Changes in P-glycoprotein and ABCG2 densities may play a role in amyloid-beta accumulation in Alzheimer's disease. However, previous studies report conflicting results from different brain regions, without correcting for changes in vessel density. We developed an automated method to measure transporter density exclusively within the vascular space, thereby correcting for vessel density. We then examined variability in transporter density across brain regions, matter, and disease using two cohorts of post-mortem brains from Alzheimer's disease patients and age-matched controls. Changes in transporter density were also investigated in capillaries near plaques and on the mRNA level. P-glycoprotein density varied with brain region and matter, whereas ABCG2 density varied with brain matter. In temporal cortex, P-glycoprotein density was 53% lower in Alzheimer's disease samples than in controls, and was reduced by 35% in capillaries near plaque deposits within Alzheimer's disease samples. ABCG2 density was unaffected in Alzheimer's disease. No differences were detected at the transcript level. Our study indicates that region-specific changes in transporter densities can occur globally and locally near amyloid-beta deposits in Alzheimer's disease, providing an explanation for conflicting results in the literature. When differences in region and matter are accounted for, changes in density can be reproducibly measured using our automated method.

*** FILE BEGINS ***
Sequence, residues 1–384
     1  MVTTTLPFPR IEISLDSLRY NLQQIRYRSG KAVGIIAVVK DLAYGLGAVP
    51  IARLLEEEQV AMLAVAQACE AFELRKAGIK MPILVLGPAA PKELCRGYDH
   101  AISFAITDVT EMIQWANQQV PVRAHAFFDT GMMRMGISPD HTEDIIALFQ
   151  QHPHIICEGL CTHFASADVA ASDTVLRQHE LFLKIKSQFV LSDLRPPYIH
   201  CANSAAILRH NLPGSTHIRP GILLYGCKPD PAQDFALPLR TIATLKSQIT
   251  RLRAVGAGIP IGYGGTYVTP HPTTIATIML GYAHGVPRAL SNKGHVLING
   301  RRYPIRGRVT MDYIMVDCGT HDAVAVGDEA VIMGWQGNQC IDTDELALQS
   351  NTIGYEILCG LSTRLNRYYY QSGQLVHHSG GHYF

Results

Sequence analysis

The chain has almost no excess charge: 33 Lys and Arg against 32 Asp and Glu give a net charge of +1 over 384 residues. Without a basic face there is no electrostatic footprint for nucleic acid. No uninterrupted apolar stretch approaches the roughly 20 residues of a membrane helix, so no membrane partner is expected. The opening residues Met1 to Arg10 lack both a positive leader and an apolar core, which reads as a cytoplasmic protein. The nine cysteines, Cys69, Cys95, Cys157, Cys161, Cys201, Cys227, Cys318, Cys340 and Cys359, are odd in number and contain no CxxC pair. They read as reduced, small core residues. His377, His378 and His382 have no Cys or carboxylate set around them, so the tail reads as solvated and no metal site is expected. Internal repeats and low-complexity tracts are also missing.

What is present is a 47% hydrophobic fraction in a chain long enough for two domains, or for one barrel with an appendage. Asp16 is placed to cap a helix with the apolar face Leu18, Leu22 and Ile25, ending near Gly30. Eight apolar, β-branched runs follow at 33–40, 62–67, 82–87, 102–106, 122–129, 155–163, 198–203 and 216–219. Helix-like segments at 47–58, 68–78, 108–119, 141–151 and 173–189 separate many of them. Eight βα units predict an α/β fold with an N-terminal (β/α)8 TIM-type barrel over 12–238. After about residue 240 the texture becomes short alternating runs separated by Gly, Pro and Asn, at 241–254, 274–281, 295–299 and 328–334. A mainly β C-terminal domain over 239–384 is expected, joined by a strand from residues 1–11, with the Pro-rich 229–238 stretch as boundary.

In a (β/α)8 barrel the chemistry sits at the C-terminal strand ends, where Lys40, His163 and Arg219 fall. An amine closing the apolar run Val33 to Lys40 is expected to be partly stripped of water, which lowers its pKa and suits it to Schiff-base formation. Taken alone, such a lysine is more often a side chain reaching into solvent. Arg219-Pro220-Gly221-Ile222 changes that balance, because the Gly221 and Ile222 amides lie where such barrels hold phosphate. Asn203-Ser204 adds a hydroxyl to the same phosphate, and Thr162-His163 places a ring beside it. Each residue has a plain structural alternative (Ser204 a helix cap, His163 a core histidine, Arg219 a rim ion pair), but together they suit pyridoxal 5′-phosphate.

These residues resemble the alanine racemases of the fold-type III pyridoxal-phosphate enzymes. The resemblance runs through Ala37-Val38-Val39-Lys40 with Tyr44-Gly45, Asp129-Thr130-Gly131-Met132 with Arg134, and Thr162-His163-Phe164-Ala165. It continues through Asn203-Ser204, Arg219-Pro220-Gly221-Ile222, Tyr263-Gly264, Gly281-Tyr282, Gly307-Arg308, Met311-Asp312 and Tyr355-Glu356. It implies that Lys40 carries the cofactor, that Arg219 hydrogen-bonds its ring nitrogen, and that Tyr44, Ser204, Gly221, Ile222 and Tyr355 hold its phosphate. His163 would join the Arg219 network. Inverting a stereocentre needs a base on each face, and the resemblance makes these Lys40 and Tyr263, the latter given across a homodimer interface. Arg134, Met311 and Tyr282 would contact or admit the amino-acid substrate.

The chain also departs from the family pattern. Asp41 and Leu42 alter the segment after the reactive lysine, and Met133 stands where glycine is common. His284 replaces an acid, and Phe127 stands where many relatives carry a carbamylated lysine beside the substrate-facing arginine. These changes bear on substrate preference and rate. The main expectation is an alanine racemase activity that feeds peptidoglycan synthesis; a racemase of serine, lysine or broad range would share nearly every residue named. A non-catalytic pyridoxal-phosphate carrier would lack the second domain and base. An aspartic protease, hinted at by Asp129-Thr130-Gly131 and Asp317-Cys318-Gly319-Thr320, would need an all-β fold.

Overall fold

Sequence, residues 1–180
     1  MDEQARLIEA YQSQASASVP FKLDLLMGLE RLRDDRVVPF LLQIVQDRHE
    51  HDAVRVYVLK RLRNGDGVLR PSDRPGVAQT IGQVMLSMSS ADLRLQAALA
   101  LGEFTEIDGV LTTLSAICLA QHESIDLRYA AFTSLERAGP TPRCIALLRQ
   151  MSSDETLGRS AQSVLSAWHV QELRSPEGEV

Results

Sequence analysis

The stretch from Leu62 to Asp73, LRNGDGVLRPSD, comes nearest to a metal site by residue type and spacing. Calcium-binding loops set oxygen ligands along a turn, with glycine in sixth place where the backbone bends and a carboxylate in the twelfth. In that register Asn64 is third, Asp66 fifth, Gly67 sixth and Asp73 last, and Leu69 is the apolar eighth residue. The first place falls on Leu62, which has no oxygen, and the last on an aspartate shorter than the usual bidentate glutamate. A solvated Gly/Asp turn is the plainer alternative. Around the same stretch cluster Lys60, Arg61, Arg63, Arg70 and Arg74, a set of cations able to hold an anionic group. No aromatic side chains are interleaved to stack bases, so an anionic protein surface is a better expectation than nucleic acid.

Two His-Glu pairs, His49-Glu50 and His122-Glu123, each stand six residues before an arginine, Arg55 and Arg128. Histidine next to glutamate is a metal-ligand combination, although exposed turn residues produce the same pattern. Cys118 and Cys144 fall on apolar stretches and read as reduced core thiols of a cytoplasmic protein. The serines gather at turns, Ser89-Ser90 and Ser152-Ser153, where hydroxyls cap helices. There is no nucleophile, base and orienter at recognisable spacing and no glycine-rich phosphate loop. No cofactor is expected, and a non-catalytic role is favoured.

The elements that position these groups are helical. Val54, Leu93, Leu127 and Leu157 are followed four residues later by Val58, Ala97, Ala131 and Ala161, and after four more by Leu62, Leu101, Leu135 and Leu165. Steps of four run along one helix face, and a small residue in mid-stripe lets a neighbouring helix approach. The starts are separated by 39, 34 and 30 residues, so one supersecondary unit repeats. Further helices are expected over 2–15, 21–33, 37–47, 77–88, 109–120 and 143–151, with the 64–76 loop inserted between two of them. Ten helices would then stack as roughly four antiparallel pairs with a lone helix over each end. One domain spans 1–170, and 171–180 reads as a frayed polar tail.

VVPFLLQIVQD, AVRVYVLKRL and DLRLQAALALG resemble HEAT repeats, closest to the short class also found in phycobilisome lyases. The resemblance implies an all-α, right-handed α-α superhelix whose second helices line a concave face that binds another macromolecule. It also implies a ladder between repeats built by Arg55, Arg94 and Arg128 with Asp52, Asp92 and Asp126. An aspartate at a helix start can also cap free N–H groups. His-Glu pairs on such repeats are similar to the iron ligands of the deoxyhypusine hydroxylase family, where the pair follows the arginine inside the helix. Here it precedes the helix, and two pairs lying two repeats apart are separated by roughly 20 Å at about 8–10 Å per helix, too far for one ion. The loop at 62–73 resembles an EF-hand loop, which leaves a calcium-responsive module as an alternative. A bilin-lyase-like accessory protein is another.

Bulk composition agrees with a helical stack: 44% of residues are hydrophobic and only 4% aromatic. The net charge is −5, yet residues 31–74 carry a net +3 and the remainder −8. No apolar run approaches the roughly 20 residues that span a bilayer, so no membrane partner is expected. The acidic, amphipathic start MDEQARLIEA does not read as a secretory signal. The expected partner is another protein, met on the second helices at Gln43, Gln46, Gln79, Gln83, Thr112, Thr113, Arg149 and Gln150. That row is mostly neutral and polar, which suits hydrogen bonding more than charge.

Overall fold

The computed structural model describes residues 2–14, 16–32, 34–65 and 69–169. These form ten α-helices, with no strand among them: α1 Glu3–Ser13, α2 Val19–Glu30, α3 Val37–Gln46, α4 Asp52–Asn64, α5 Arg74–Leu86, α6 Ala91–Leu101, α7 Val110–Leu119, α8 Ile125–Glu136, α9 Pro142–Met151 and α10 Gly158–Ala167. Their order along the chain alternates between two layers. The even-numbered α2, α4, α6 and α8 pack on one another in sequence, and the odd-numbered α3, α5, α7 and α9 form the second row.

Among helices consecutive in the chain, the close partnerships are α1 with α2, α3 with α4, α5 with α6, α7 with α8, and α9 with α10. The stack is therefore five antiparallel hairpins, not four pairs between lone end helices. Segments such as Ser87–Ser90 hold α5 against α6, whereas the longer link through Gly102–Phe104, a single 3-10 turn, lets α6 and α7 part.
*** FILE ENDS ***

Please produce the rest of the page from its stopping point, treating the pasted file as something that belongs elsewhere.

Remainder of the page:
Keywords: ABC transporters; Alzheimer’s disease; amyloid-beta plaque; blood–brain barrier; density.